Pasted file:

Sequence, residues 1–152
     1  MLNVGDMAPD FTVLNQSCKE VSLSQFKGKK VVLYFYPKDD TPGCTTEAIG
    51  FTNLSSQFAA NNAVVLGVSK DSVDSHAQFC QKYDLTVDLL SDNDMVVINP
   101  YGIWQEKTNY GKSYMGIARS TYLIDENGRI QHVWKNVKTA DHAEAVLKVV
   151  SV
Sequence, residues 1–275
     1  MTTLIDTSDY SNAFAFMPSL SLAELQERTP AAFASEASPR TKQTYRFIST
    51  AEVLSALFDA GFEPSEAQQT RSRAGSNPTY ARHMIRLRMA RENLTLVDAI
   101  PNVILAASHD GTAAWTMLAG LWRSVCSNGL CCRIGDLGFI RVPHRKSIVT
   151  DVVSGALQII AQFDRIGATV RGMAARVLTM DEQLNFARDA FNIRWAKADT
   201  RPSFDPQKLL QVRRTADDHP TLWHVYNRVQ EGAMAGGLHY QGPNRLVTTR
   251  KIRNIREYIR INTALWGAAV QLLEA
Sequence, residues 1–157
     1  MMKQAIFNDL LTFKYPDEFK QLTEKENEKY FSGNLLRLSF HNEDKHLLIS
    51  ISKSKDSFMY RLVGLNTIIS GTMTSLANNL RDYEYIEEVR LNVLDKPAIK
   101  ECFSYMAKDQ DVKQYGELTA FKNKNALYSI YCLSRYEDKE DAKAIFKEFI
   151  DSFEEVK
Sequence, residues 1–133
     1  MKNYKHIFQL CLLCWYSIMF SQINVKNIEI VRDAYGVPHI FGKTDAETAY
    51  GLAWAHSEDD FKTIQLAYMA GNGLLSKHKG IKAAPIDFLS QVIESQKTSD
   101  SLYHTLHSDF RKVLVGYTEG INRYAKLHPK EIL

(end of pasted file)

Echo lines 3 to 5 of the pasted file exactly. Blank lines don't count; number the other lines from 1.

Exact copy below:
    51  FTNLSSQFAA NNAVVLGVSK DSVDSHAQFC QKYDLTVDLL SDNDMVVINP
   101  YGIWQEKTNY GKSYMGIARS TYLIDENGRI QHVWKNVKTA DHAEAVLKVV
   151  SV